What makes a good influencer for your brand is one that provides content relevant to your customers and who has a loyal and engaged audience. They should be respected, authentic, and have a tone and style that aligns with your brand.
How and where do you find the right influencers? First, determine how many influencers you would like to engage with. We recommend starting off with just one or two to test the waters. Remember, you don’t have to partner with the top influencer in your industry. Pick some up-and-comers and build relationships with them as they grow. Starting out, the best way to find an influencer is to roll up your sleeves and do some research. There are tools and resources out there that offer these services for a fee, but if you’re fairly active on social media, know your industry, and spend a little time doing your due diligence, you’ll most likely be able to compile a list of influencers.
Once you’ve identified several influencers that meet your criteria, conduct research and determine the ones that best match your campaign goals and proceed to the next step: engaging and building relationships with influencers.
Step 4: Engaging and building relationships
Once you find a few influencers that align with your brand and marketing goals, start following them and spend time getting to know them: what they post about, how they engage with their followers, other brands they partner with, their personality, their tone of voice, and how authentic and believable they are.
And when you’re confident they’re a good fit, reach out to them through an email or direct message. Provide an introduction to your brand, your company’s mission/values/positioning, and how it is consistent with the influencer’s. Explain how your brand is relevant to them and their followers and begin to explore how to partner with them.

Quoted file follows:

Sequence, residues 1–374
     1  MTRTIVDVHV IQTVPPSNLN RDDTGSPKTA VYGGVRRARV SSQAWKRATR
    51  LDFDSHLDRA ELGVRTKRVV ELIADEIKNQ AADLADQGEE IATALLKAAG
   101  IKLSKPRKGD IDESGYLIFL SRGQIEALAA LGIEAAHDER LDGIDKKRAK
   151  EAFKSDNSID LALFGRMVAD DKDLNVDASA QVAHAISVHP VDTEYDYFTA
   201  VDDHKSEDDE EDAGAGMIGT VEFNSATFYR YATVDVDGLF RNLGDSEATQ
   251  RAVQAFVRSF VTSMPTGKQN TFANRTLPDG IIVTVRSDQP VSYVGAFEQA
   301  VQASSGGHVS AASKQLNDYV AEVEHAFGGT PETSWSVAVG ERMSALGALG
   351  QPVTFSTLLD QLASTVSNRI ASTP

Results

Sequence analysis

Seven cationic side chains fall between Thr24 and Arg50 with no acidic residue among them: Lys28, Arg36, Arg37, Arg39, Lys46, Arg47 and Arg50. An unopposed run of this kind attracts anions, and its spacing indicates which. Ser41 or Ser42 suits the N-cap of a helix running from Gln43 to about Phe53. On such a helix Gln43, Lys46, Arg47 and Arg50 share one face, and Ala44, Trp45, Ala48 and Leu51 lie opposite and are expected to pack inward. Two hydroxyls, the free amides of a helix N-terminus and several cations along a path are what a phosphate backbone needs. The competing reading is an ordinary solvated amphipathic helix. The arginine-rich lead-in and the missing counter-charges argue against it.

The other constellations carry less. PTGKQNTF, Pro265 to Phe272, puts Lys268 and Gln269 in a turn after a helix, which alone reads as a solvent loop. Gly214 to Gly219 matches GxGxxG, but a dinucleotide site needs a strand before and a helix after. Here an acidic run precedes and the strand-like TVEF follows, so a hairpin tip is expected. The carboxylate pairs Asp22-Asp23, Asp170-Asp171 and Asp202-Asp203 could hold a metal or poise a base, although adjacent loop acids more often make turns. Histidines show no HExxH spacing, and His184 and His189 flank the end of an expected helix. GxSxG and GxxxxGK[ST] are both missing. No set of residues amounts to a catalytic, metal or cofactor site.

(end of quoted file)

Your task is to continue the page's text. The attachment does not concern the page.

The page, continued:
Do not rush this process. Take the time to build a relationship, understand how your brand can contribute to their content, and explore partnership opportunities.
Step 5: Outlining content to support your goals
Influencers want to grow their audience and share great content, and you want to reach their followers with your content. Stellar content that will help your influencer’s target audience while also being consistent to their brand is the key to a successful partnership.
Work with your influencer to determine the best approach for creating content that allows them to be authentic to their brand while staying true to your brand. Include these details in an influencer marketing agreement that sets clear expectations.
Influencer agreements should include important details, such as:
- Timeline for posts – frequency, specific days/times for posts, total number of posts
- Type of posts they will post, including conversational, features, sales-specific
- Details regarding external links, hashtags, shares, reposts, original content, etc.
- Language/topics to avoid
- Expectations regarding other products/companies mentioned in the same post
- Specific deliverables, including videos, images, product samples, etc.
- Process for reviewing/approving content
- Compensation – cost per post, free product for contests or giveaways, etc.
Step 6: Evaluating your ROI
Influencer campaigns are still an emerging strategy, but amidst all of the excitement around them, you’ll need to make sure that they’re providing value and be able to measure the results of your efforts. If your goals are centered around sales/lead generation or web traffic you should be able to easily quantify your efforts and calculate simple ROI using the following formula:
(Sales Growth – Marketing Cost) / Marketing Cost = ROI
If your goals are centered around brand awareness, social media followers/engagement, or reputation, the sales growth figure will likely be a bit more difficult to gather. You’ll need to assign a dollar figure to your metrics using an attribution model to find the sales growth that occurred as a result of your campaign. To find out what attribution model fits you best, we recommend this article.
Influencer marketing can be an effective way to boost your brand awareness. Now that you understand influencer marketing, are you ready to get started with your influencer marketing campaign? FUEL can help develop your strategy and determine if influencer marketing is right for you. Contact us today for a free 30-minute consultation.